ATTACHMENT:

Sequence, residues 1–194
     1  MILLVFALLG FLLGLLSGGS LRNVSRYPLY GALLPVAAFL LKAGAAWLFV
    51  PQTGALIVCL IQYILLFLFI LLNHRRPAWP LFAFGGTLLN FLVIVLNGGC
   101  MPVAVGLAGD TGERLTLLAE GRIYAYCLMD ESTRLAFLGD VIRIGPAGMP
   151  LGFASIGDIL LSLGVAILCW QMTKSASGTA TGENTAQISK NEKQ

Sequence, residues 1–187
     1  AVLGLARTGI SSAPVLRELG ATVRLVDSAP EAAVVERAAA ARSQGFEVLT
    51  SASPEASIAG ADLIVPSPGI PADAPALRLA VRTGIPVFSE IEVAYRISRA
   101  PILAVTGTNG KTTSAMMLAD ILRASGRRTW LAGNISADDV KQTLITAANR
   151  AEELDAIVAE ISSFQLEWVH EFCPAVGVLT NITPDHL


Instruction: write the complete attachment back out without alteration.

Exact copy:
Sequence, residues 1–194
     1  MILLVFALLG FLLGLLSGGS LRNVSRYPLY GALLPVAAFL LKAGAAWLFV
    51  PQTGALIVCL IQYILLFLFI LLNHRRPAWP LFAFGGTLLN FLVIVLNGGC
   101  MPVAVGLAGD TGERLTLLAE GRIYAYCLMD ESTRLAFLGD VIRIGPAGMP
   151  LGFASIGDIL LSLGVAILCW QMTKSASGTA TGENTAQISK NEKQ

Sequence, residues 1–187
     1  AVLGLARTGI SSAPVLRELG ATVRLVDSAP EAAVVERAAA ARSQGFEVLT
    51  SASPEASIAG ADLIVPSPGI PADAPALRLA VRTGIPVFSE IEVAYRISRA
   101  PILAVTGTNG KTTSAMMLAD ILRASGRRTW LAGNISADDV KQTLITAANR
   151  AEELDAIVAE ISSFQLEWVH EFCPAVGVLT NITPDHL